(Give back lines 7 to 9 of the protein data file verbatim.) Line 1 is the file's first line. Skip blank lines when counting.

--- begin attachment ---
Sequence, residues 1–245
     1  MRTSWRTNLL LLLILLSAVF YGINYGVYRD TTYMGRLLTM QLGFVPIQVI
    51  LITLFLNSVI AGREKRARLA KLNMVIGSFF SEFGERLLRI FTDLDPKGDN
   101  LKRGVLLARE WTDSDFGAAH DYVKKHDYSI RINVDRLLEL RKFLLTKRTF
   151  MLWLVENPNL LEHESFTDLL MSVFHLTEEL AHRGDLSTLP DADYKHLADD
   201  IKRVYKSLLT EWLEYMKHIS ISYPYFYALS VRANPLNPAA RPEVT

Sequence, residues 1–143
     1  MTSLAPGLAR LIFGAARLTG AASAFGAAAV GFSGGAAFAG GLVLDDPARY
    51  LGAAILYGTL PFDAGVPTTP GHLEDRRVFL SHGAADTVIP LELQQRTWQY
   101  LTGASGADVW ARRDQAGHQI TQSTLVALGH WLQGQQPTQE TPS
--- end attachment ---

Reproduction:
Sequence, residues 1–143
     1  MTSLAPGLAR LIFGAARLTG AASAFGAAAV GFSGGAAFAG GLVLDDPARY
    51  LGAAILYGTL PFDAGVPTTP GHLEDRRVFL SHGAADTVIP LELQQRTWQY